The heat island effect can make temperatures in cities ten degrees warmer than surrounding rural areas. This is not only uncomfortable for residents but can also have dangerous health impacts during heat waves. To address this issue, Pavement Technology Inc. has created a new treatment for roads that would help cool things down.
Their spray-on treatment, called A.R.A.-1 Ti, was developed in collaboration with Louisiana State University researchers. Its base is titanium oxide, a common ingredient in sunscreen and paint. The spray works as a photocatalyst, so ultraviolet light activates the compound’s electrons, absorbing and dispersing heat and light.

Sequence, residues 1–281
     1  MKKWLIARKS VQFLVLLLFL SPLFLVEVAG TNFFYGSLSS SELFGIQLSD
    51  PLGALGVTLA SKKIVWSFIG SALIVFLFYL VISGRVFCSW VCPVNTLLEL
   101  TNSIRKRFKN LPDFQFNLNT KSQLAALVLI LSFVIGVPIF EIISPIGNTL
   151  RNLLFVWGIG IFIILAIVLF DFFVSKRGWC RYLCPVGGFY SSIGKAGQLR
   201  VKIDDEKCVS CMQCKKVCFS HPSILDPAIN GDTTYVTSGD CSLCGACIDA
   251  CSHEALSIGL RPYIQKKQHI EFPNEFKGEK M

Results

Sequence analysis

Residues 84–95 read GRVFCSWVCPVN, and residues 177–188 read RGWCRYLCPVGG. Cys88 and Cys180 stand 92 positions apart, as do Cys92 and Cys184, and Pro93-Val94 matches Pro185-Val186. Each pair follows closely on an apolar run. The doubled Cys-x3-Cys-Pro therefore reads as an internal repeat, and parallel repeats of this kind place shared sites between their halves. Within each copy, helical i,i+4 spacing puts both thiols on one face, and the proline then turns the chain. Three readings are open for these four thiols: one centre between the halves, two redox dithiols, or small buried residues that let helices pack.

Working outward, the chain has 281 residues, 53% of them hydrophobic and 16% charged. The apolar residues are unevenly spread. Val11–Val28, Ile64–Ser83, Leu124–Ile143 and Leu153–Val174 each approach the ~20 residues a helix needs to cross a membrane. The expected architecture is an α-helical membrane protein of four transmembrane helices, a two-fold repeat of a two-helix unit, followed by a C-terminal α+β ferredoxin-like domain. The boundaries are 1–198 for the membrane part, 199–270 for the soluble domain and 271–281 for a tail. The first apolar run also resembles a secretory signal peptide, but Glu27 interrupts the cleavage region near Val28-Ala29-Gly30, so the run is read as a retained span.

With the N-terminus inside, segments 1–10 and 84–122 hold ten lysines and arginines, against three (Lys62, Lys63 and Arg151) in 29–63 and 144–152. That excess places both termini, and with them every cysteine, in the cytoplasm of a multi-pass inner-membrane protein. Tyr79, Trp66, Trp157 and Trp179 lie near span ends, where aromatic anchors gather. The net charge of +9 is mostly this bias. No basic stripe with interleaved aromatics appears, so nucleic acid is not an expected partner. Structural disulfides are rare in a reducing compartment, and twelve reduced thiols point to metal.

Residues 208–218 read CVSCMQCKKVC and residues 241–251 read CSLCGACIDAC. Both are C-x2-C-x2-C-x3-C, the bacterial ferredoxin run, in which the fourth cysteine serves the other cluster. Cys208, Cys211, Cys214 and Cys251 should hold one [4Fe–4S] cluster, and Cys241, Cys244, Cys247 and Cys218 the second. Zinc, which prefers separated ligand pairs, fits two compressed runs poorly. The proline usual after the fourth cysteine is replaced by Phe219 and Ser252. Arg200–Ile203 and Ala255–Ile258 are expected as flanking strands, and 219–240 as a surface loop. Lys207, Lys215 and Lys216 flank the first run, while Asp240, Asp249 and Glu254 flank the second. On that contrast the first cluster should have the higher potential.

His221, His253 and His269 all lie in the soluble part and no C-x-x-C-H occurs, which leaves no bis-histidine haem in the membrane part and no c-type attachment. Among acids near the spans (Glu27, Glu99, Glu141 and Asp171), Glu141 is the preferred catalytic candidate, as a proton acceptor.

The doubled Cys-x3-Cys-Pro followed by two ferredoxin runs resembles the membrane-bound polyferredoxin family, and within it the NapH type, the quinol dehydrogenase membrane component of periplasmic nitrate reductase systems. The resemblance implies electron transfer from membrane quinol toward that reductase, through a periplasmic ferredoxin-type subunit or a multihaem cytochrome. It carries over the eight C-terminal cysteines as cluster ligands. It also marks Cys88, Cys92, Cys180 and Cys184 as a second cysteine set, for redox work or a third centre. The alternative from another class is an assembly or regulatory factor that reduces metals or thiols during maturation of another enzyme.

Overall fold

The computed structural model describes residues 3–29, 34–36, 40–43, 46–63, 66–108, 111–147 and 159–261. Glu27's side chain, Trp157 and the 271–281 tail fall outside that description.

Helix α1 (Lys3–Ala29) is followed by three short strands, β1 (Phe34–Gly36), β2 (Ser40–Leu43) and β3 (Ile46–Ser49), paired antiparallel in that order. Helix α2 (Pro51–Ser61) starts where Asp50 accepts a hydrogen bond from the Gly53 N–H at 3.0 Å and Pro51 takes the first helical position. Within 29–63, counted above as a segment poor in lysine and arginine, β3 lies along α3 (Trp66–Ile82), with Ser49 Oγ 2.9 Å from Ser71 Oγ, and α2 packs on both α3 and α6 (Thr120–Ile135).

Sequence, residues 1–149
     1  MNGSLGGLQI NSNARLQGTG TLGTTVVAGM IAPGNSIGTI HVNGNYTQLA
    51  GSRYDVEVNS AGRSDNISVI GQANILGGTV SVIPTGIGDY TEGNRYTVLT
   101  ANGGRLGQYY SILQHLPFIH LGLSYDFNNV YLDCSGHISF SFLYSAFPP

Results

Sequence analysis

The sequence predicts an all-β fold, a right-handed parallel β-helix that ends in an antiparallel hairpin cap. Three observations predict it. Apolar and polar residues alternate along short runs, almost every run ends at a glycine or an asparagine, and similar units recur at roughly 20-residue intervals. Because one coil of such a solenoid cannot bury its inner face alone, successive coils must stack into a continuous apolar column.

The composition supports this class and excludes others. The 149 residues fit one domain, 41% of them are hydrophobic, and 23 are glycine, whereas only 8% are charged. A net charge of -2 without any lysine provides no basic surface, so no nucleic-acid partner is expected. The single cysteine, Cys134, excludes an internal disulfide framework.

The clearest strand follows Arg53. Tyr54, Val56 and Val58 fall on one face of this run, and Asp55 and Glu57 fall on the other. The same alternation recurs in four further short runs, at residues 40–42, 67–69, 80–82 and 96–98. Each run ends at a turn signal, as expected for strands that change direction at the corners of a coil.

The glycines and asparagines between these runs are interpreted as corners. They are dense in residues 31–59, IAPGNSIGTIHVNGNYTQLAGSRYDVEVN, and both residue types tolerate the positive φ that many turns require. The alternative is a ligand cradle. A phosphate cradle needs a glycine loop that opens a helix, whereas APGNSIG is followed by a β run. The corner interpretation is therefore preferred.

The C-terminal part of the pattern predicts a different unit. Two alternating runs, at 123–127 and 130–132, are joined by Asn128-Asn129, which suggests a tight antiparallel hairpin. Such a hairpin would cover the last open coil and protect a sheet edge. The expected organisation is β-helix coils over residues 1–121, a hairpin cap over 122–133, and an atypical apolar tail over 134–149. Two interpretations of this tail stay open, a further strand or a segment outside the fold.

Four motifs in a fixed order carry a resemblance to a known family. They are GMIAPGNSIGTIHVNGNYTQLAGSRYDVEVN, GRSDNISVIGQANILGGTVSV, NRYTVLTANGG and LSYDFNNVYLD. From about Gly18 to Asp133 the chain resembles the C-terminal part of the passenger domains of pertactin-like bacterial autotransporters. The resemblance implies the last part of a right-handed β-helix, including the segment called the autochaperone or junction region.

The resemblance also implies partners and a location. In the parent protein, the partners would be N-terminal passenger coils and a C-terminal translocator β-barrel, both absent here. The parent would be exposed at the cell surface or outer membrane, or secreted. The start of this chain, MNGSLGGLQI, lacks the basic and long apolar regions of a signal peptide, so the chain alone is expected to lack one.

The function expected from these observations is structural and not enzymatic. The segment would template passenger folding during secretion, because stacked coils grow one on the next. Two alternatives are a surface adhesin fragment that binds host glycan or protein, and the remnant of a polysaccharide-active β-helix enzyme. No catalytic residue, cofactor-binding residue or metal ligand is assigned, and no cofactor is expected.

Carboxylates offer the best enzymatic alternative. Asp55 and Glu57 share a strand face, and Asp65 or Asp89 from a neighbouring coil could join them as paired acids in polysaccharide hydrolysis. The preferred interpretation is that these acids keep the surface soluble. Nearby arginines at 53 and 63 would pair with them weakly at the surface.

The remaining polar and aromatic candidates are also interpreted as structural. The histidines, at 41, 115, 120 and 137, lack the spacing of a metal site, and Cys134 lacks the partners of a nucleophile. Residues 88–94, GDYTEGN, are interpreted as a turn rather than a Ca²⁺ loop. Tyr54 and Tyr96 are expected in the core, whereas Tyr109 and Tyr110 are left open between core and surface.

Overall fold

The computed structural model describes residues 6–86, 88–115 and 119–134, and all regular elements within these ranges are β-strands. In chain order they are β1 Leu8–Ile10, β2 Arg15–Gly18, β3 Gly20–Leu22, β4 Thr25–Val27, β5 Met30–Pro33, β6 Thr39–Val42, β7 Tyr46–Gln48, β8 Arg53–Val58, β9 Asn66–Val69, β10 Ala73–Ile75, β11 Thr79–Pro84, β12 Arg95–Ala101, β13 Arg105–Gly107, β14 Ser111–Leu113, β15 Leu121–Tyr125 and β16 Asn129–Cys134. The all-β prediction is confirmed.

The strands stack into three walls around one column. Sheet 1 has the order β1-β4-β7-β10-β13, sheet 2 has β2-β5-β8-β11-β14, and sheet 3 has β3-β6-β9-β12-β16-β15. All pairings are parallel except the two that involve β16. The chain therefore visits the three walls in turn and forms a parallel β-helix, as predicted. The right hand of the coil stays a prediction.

In addition to cooler temperatures, the spray also absorbs car exhaust fumes, improving air quality. According to the company, spraying one mile of road with the product offers the same air quality benefits as planting 20 acres of trees. Plus, it can rejuvenate aging roads, reducing the frequency of repaving.
The cities of Orlando, Charlotte, Raleigh, Greenville, and Charleston are all currently testing out the product and sending road samples to researchers at Texas A&M University to confirm the efficacy of the spray.
Tech solutions such as these can make a difference in building more climate change-resistant cities, but they must be paired with emissions-reduction action and additional cooling solutions such as tree planting.